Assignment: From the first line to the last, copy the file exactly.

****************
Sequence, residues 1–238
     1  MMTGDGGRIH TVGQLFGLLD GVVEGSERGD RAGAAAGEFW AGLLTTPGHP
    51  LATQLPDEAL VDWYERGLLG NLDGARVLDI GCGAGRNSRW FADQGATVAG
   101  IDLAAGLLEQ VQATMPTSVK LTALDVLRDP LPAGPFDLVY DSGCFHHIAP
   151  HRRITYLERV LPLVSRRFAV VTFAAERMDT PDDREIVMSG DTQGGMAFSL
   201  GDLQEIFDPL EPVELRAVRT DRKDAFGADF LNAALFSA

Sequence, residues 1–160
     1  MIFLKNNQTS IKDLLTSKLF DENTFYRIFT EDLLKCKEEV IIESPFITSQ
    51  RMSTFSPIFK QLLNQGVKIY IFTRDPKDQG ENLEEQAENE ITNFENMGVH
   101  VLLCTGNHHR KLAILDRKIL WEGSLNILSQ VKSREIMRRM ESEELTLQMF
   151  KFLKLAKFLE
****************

Sequence, residues 1–238
     1  MMTGDGGRIH TVGQLFGLLD GVVEGSERGD RAGAAAGEFW AGLLTTPGHP
    51  LATQLPDEAL VDWYERGLLG NLDGARVLDI GCGAGRNSRW FADQGATVAG
   101  IDLAAGLLEQ VQATMPTSVK LTALDVLRDP LPAGPFDLVY DSGCFHHIAP
   151  HRRITYLERV LPLVSRRFAV VTFAAERMDT PDDREIVMSG DTQGGMAFSL
   201  GDLQEIFDPL EPVELRAVRT DRKDAFGADF LNAALFSA

Sequence, residues 1–160
     1  MIFLKNNQTS IKDLLTSKLF DENTFYRIFT EDLLKCKEEV IIESPFITSQ
    51  RMSTFSPIFK QLLNQGVKIY IFTRDPKDQG ENLEEQAENE ITNFENMGVH
   101  VLLCTGNHHR KLAILDRKIL WEGSLNILSQ VKSREIMRRM ESEELTLQMF
   151  KFLKLAKFLE